The National Service Scheme is an Indian government-sponsored public service program conducted by the Ministry of Youth Affairs and Sports of the Government of India. Popularly known as NSS, the scheme was launched in Gandhiji's Centenary year in 1969. Aimed at developing student's personality through community service, NSS is a voluntary association of young people in Colleges, Universities and at +2 level working for a campus-community linkage. After independence the University Grants Commission, headed by S. Radhakrishnan, recommended the introduction of voluntary national service in academic institutions; this idea was again considered by the Central Advisory Board of Education at its meeting in January, 1950. In the draft first Five-Year Plan adopted by the government in 1952, the need for social and labour service by Indian students for one year was stressed. In 1958 Jawaharlal Nehru, in a letter to the chief ministers, considered the idea of social service as a prerequisite for graduation.
He directed the Ministry of Education to formulate a suitable scheme for the introduction of national service into academic institutions. In May 1969, a conference of student representatives convened by the Ministry of Education and the University Grants Commission unanimously agreed that a national-service scheme could be an instrument for national integration; the details were soon worked out and orientation camp was organized at Rajghat. This camp was concluded on 7 June 1969. KKGupta from DU was declared first volunteer; the Planning Commission sanctioned an outlay of ₹5 crores for the NSS during the Fourth Five-Year Plan, stipulating that the NSS be a pilot project in selected institutions and universities. On 24 September 1969, the Union Education Minister V. K. R. V. Rao launched the NSS at 37 universities all states; the scheme has been extended to all states and universities in the country, +2 level institutes in many states. The symbol for the NSS has been based on the giant Rath Wheel of the world-famous Konark Sun Temple situated in Odisha, India.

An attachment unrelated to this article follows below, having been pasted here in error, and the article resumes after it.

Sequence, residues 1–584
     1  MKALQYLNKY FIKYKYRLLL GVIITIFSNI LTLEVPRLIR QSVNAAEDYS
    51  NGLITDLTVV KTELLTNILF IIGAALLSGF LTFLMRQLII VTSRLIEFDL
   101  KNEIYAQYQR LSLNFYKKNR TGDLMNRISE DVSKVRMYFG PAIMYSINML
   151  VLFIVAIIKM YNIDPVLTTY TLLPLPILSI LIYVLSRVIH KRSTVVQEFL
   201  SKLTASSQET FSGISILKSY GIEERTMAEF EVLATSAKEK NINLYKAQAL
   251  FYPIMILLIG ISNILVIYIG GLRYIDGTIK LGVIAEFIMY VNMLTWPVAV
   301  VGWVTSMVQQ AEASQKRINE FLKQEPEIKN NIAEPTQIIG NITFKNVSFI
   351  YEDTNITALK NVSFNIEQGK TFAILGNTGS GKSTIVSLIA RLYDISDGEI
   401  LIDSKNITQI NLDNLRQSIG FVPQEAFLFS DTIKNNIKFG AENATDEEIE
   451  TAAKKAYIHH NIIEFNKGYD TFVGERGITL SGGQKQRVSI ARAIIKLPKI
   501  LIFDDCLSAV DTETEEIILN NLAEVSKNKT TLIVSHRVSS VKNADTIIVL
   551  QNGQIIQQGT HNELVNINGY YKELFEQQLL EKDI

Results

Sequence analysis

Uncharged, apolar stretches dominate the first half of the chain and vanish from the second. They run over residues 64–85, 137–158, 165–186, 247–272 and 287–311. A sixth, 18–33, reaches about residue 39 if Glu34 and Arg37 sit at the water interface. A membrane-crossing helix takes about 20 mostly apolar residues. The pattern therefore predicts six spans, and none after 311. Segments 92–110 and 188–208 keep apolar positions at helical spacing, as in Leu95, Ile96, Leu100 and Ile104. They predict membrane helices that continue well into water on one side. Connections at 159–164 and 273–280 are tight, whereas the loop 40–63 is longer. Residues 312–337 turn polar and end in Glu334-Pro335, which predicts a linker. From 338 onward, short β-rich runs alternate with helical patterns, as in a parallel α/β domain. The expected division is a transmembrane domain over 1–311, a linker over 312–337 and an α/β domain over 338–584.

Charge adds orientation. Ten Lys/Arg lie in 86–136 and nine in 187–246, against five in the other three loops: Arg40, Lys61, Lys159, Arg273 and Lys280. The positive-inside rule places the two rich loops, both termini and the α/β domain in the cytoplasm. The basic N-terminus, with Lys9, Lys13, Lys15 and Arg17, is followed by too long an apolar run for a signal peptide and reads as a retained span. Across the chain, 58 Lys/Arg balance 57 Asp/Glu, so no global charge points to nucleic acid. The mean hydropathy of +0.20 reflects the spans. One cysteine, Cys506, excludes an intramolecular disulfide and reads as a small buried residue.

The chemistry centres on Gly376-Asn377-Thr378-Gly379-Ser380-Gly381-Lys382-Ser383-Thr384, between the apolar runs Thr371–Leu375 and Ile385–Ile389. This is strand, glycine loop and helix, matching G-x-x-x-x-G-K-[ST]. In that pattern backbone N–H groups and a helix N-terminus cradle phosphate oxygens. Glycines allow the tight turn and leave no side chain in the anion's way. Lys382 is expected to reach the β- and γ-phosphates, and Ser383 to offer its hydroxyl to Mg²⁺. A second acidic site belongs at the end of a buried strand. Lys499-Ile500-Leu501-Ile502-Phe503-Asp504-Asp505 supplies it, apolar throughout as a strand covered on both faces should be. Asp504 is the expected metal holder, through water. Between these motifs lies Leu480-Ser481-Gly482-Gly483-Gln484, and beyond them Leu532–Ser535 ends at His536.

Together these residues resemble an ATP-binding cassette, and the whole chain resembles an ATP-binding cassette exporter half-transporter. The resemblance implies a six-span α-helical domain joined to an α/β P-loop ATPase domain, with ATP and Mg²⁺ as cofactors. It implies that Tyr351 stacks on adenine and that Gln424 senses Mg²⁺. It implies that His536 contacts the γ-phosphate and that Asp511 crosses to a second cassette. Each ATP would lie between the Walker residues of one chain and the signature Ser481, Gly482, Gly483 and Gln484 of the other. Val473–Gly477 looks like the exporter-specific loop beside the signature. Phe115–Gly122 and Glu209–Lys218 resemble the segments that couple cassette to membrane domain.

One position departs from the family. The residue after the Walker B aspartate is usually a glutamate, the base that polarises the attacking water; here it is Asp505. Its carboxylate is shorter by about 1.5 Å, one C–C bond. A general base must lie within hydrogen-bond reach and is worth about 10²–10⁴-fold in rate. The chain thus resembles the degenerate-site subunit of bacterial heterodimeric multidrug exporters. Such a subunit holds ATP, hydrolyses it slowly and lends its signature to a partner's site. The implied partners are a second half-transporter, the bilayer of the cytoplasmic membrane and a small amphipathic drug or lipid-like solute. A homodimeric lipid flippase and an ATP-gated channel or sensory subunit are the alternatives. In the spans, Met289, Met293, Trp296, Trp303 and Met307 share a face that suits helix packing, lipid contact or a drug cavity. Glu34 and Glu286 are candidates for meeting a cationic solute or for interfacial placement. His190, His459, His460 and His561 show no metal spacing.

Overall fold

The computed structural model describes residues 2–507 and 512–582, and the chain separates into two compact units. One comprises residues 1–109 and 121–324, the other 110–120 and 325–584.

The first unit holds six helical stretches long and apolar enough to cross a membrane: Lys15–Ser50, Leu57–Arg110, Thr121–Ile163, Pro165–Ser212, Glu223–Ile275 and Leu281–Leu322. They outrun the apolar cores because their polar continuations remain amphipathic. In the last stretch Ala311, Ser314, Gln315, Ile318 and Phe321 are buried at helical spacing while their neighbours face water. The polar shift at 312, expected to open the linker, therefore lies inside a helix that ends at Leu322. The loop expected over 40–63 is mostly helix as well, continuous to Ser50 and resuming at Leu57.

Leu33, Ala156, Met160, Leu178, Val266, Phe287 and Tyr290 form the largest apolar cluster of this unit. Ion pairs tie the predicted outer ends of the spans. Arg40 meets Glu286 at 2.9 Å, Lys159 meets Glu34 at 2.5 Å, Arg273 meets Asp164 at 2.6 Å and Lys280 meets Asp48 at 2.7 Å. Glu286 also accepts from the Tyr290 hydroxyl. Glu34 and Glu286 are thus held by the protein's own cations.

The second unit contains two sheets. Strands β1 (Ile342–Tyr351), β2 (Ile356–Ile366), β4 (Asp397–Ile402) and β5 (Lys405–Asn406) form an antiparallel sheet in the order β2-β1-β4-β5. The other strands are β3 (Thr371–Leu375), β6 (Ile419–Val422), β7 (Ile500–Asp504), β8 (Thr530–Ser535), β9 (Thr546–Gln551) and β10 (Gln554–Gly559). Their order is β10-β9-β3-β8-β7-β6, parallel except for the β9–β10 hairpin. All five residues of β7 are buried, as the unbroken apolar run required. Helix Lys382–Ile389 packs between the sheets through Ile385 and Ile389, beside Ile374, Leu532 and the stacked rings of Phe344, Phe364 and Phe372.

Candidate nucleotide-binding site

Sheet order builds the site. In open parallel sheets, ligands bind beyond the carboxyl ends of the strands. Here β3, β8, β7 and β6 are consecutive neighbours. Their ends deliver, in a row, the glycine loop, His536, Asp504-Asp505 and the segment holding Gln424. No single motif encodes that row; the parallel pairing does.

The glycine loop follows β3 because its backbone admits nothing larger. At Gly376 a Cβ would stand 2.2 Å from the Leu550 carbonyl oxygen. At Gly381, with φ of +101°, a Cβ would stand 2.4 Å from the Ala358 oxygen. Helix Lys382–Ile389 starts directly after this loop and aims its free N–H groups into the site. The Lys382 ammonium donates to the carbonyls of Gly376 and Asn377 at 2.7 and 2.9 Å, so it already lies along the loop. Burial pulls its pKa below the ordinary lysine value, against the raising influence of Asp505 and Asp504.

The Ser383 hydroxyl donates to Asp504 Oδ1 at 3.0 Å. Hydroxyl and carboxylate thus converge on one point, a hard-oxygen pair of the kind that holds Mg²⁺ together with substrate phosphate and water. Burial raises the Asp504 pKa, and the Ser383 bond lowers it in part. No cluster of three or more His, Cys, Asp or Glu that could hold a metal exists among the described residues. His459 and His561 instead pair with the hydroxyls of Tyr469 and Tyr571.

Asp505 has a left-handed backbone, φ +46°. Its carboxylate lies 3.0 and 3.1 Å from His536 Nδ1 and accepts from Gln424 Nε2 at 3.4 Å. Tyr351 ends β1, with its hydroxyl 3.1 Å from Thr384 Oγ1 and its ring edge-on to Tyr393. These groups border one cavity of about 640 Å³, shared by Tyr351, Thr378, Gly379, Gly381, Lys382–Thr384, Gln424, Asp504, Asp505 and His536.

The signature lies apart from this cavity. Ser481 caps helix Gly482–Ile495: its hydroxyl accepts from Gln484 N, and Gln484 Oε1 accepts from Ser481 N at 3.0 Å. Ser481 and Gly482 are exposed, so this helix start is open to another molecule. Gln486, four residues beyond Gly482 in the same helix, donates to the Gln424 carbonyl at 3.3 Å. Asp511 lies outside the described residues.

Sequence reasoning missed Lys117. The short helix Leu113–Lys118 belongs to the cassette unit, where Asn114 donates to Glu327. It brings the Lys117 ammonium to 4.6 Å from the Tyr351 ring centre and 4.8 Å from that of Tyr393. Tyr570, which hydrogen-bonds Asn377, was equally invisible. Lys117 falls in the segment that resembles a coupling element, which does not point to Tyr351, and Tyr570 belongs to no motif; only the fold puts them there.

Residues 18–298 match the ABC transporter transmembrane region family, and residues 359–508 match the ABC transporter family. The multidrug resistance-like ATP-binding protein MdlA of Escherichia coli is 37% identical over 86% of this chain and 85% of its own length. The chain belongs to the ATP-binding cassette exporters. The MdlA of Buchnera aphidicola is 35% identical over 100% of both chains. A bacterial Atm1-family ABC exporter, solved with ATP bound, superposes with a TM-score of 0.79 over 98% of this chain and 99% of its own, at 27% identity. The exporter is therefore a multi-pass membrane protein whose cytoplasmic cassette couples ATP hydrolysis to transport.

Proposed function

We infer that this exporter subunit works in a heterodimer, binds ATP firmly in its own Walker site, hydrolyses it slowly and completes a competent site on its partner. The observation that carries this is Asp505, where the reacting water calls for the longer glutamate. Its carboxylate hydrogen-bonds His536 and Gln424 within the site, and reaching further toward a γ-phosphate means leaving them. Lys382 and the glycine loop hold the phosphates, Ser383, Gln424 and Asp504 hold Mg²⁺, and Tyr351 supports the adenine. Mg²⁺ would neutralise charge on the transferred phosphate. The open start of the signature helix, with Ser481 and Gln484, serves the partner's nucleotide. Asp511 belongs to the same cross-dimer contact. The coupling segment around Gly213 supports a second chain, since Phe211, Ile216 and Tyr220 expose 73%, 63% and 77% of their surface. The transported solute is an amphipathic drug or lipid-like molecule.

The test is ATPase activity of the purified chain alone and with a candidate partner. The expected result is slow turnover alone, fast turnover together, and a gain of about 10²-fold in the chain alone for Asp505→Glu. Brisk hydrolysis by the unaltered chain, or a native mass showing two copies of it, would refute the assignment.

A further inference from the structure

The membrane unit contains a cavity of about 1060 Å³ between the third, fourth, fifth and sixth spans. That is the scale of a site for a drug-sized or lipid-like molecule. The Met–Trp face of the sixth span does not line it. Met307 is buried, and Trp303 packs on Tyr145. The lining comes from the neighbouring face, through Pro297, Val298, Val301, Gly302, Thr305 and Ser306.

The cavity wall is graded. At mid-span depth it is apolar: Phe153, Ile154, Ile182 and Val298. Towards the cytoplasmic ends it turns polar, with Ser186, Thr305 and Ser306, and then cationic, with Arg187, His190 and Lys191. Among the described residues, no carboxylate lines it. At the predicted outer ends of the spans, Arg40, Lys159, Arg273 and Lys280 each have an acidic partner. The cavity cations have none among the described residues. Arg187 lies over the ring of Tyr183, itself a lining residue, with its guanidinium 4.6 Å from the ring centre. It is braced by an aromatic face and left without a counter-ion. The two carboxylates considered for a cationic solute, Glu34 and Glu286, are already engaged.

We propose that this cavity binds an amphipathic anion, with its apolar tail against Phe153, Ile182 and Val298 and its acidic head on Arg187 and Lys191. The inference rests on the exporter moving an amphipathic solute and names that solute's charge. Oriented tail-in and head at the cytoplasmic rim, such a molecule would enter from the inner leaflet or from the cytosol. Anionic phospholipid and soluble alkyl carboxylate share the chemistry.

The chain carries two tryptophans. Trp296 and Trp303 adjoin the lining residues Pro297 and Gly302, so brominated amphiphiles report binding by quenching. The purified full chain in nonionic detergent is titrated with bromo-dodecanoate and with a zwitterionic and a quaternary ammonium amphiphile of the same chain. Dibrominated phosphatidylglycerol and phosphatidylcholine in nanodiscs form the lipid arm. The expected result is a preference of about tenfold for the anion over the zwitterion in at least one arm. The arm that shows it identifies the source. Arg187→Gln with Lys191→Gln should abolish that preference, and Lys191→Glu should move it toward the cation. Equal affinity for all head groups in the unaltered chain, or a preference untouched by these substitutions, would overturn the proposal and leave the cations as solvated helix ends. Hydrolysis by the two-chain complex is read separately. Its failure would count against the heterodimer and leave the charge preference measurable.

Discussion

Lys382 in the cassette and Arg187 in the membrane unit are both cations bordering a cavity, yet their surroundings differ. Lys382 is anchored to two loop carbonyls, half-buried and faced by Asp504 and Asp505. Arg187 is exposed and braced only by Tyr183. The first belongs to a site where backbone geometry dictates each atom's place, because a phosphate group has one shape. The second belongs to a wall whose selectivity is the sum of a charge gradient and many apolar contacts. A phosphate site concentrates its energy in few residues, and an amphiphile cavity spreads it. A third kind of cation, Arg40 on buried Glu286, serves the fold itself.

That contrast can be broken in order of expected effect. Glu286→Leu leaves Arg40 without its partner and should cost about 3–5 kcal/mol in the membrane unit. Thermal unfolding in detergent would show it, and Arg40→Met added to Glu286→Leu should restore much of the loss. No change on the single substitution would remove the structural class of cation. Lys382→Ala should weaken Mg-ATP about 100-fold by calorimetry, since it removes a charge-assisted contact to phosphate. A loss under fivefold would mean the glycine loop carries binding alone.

The wheel portrays the cycle of creation and release. It signifies the movement in life across time and space, the symbol thus stands for continuity as well as change and implies the continuous striving of NSS for social change; the eight bars in the wheel represents 24 hours of a day. The red colour indicates that the volunteer is full of young blood, lively, active and full of high spirit; the navy blue colour indicates the cosmos of which the NSS is tiny part, ready to contribute its share for the welfare of the mankind. It stands for continuity as well as change and implies the continuous striving of NSS; the programme aims to instill the idea of social welfare in students, to provide service to society without bias. NSS volunteers work to ensure that everyone, needy gets help to enhance their standard of living and lead a life of dignity. In doing so, volunteers learn from people in villages how to lead a good life despite a scarcity of resources, it provides help in natural and man-made disasters by providing food and first aid to the disaster's victims.
At national level, of India is the nodal authority, which works with state-level NSS cells. State-level NSS cells are responsibility of the respective state governments. Within states, each university has University level NSS cell under which institutions based NSS units operate. Most government and government-aided institutions have volunteer NSS units. Institutions are encouraged to have NSS volunteers. A unit comprises 20–40 students, they are managed internally by a responsible party from the school or college, who reports to the regional NSS coordinator. Most institutions do not have a separate uniform for NSS volunteers as there is standard khakhi colored national dress for NCC. There are two types of activities: Annual Special Camp. All the NSS Volunteers who have served NSS for at least 2 years and have performed 240 hours of work under NSS are entitled to a certificate from the university under the signature of the Vice-Chancellor and the Programme Coordinator; the Annual camps are known as Special Camps.
Camps are held annually, funded by the government of India, are located in a rural village or a city suburb. Volunteers may be involved in such activities as: Cleaning Afforestation Stage shows or a procession creating awareness of such issues as social problems and cleanliness Awareness Rallies Inviting doctors for health campsThere are no predefined or preassigned tasks. Camps last between a week and 10 days, although camps for shorter periods are conducted by NSS. In the past the themes of the Special Camping Programmes have been'Youth Against Famine','Youth Against Dirt and Disease','Youth for Rural Reconstruction','Youth for Eco-Development','Youth for Mass Literacy','Youth for National Integration & Social Harmony','Youth for Sustainable Development with special focus on Watershed Management and Wasteland Development' `Healthy Youth For Healthy India` In some institutions and colleges volunteers are involved in regular blood donation and traffic control. National conferences are held to conduct white-paper and project presentations.